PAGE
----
Grief is light, I tell myself in the middle of another sleepless night. Sometimes I try to keep myself grounded but it is impossible when you hold so much light, when you are so much lighter than air, so much lighter than light.
I think I could float away. I think I could be a star– just look how my name has collapsed into a sun.
Grief is a thing you can see in the darkness, better than anything else.
Even when I am not sad, I grieve, and I glow and I crackle like a neon sign, like a birthing star, like air when it runs through the earth with its arms open wide. I am almost entirely made of light now.
Grief is light, and everything else is heavy and dark and full of gravity and gravitas. Everything else is feet on the ground, is dandelions roots fighting in the cracks, is tall oak trees that whisper and sink into the soil.
On another sleepless night, I do not remember how to touch the earth, how to sink into her. I don’t know how to stay in my bed or stay at all.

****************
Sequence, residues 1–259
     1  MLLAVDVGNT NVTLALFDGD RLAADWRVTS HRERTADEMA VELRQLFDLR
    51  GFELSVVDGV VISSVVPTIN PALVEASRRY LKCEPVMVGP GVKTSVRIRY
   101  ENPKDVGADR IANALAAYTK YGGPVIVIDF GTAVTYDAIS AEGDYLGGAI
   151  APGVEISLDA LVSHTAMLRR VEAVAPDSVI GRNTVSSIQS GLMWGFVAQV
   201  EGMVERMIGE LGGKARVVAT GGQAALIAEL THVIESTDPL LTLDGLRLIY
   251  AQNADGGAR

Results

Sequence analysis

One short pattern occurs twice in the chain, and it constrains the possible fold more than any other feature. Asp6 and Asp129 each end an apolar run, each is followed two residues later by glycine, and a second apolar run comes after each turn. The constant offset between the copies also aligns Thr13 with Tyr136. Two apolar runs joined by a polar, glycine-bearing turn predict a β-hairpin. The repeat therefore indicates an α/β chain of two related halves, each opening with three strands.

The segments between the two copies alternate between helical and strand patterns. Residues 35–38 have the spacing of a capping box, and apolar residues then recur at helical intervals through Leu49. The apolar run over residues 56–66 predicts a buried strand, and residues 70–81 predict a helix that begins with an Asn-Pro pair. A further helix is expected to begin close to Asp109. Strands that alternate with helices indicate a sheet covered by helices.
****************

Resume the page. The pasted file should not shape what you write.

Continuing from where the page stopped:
My heart is in my hands, my hands are luminous, transparent. They blend into each other, they hold nothing, they shine and they love and they lose and they shine and they shine.
On another sleepless night, I am so full of radiance, I make wishes on myself.
A friend offered a prompt “Grief is…” which made me reflect on the language of grief. How we often use the words heavy and dark for grief, and maybe, just maybe, that isn’t right at all.